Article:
salary and commission. In general, the commission structure is based on reaching
specific targets or quotas that have been previously agreed upon by management and
the employee. These targets or quotas are typically tied to sales revenue, unit sales or
some other volume-based metric.

Retirement Plans
Retirement and pension plans, which provide a source of income to people who have
retired, represent money paid for past services. Private plans can be funded entirely by
the organization or jointly by the organization and the employee during the time of
employment. One popular form of pension plan is the defined-benefit plan. Under this,
the employer pledges to provide a benefit determined by a definite formula at the
employee’s retirement date. The other major type of retirement plan is the defined –
contribution plan, which calls for a fixed or known annual contribution instead of a
known benefit.

Paid Vacations
Typically, an employee must meet a certain length-of –service requirement before
becoming eligible for paid vacation. Also, the time allowed for paid vacations generally
depends on the employee’s length of service. Unlike holiday policies that usually affect
everyone in the same manner, vacation policies may differ among categories of
employees. Most organizations allow employees to take vacation by the day or week
but not in units of less than a day. Organizations may offer a wide range of additional
benefits, including food services, exercise facilities, health and first-aid services,
financial and legal advice, and purchase discounts in addition to the major benefits
previously discussed to motivate employees.

Some other compensions are like, Vehicle maintenance allowance, Fuel allowance,
Free medical insurance, Over time allowance, Regularity of Promotion, Long service
awards, Free training workshops, accommodation allowance and others.
Steps for creating a right compensation management

1. Budget allocated
Before fixing salaries for employees, it is necessary to understand the budget
allocated for that purpose. HR deferment needs to know how much money they are
allowed to spend on recruitment.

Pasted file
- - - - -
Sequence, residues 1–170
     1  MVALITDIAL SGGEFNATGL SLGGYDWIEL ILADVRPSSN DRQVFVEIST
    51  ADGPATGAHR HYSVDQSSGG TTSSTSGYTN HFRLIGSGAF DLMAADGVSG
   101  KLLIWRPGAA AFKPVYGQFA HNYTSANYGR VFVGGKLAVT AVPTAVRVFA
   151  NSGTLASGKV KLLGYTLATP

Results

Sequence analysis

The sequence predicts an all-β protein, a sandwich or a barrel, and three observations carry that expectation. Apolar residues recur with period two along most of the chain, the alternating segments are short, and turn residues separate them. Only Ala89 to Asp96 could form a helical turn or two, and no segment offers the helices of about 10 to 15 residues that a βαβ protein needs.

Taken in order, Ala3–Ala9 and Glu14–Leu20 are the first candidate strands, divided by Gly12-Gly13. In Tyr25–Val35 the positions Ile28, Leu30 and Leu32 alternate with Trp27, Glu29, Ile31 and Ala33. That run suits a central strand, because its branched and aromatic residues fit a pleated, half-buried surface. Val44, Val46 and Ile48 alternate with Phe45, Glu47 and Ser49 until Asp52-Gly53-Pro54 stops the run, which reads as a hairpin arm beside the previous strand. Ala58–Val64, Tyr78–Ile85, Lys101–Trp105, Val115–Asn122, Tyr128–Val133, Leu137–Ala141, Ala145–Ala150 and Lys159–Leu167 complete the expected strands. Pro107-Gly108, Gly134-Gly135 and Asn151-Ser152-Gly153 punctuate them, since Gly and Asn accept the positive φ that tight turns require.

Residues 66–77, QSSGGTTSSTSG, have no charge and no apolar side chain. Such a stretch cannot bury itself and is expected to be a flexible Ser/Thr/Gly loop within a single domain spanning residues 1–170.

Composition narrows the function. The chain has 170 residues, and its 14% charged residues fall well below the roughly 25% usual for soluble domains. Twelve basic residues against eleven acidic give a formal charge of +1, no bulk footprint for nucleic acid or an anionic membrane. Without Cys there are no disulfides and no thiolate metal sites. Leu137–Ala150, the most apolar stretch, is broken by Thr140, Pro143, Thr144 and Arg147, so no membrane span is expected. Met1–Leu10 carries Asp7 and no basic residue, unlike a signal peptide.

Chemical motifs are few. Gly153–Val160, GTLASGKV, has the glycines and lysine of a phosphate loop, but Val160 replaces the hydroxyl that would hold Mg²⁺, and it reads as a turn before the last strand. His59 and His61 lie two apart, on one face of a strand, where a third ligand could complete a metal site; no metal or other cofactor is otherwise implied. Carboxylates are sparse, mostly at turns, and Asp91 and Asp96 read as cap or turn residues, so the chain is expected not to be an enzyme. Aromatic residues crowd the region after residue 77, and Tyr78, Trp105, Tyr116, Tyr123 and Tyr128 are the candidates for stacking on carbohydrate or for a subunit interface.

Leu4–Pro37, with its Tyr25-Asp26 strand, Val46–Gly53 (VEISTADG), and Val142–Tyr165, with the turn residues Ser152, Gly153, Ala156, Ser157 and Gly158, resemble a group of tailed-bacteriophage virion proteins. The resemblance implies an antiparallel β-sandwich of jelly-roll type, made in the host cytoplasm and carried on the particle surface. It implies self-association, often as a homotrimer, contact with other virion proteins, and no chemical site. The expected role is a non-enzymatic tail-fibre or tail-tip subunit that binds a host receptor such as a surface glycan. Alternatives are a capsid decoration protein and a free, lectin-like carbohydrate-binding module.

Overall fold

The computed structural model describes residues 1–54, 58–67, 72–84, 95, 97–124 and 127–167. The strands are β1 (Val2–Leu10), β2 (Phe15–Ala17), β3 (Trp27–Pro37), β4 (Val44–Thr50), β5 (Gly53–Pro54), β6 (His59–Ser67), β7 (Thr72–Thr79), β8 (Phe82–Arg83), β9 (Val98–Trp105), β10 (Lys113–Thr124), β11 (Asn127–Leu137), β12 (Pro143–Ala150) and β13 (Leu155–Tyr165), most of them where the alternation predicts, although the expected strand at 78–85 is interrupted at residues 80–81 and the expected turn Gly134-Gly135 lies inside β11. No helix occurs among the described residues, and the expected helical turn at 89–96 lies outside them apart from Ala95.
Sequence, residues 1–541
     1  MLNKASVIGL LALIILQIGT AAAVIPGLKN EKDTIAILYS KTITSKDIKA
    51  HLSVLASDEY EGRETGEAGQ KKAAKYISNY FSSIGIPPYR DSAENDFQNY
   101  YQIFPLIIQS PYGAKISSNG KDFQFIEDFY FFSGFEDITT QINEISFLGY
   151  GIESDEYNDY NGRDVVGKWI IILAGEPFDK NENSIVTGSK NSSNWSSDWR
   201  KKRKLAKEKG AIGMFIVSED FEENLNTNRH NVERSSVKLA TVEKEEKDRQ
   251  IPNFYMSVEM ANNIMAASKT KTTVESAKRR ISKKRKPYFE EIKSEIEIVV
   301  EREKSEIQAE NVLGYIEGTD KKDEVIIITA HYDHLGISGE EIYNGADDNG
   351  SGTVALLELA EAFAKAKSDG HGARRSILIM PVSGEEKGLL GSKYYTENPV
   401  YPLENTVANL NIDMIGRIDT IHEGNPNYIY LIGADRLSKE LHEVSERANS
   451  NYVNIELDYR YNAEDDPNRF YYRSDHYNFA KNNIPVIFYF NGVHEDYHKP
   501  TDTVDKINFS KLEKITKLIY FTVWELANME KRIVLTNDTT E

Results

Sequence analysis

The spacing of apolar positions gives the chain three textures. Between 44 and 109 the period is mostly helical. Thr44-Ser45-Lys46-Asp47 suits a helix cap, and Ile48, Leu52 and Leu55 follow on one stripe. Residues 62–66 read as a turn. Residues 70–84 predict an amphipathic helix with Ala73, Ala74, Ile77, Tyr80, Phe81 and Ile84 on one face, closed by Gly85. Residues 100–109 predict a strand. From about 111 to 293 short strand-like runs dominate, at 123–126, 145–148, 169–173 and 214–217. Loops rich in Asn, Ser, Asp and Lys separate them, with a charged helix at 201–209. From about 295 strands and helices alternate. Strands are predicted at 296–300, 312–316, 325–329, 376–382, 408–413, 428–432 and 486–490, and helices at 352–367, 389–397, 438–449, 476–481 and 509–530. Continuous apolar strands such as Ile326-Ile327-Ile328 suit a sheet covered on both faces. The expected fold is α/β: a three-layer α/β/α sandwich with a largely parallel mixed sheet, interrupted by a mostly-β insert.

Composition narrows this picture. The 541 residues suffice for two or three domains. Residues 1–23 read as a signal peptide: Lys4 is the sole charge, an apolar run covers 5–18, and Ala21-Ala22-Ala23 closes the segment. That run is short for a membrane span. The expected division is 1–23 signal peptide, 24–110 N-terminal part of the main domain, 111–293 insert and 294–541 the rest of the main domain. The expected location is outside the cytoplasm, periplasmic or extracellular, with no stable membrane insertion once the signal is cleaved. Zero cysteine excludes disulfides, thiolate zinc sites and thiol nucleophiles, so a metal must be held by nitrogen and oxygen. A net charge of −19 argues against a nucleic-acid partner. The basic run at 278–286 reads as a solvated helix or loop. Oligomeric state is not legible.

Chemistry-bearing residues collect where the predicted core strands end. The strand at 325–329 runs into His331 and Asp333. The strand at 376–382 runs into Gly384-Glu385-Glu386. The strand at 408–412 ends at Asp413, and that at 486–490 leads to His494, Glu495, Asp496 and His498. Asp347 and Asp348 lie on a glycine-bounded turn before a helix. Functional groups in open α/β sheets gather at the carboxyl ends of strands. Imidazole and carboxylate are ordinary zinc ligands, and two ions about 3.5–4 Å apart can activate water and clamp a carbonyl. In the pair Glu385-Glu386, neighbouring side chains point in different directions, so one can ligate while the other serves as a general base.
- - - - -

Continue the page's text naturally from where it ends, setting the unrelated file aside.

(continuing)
2. Need of dedicated HR professional

Compensation management is an ongoing process. Also, it needs highest level
of expertise to build attractive pay package for the employees within the allocated
budget. Big organizations have a department accountable for this purpose with a
management team comprising of personnel from finance, HR and marketing supervising
process. But, in start-up businesses, it is the owner who needs to look at the entire affair
for the time being.

3. Analyzing the responsibility attached with the job

While fixing compensation, it is necessary to analyze the job, the responsibility
attached with it, its expanded responsibilities, risk attached with the job and how the
competitors in the market are paying for the same kind of job.

4. Deciding on parameters for different compensation

It is obvious that everybody is not going to get similar compensation package.
Deciding on different levels and parameters for different packages are necessary both
for better management and keeping talents in the organization. Employees would like to
see how their career will prosper in the organization.

5. Approving the packages

Once deciding the packages, it is necessary to get approval from the top
management and other departmental heads. Packages needs to be reasonable,
attractive and as per prevailing market standard.
A Multidiscipline Concept
Compensation has thus been studied selectively by those in separate disciplines:

Economists have focused on the price (wage) of a factor of production and abstracted
employee behavior into labor units employed (typically in terms of working hours).
Psychologists have focused on the needs of individuals and the means by which they
may be met by organizations, with less emphasis on the needs of the organization.
Sociologists, political scientists, and philosophers have not often studied
compensation per se, but concepts they have developed for other purposes may be
usefully applied to the study of pay. Management researchers and teachers have
focused on the more esoteric aspects of compensation; few have focused on the ability
to control costs.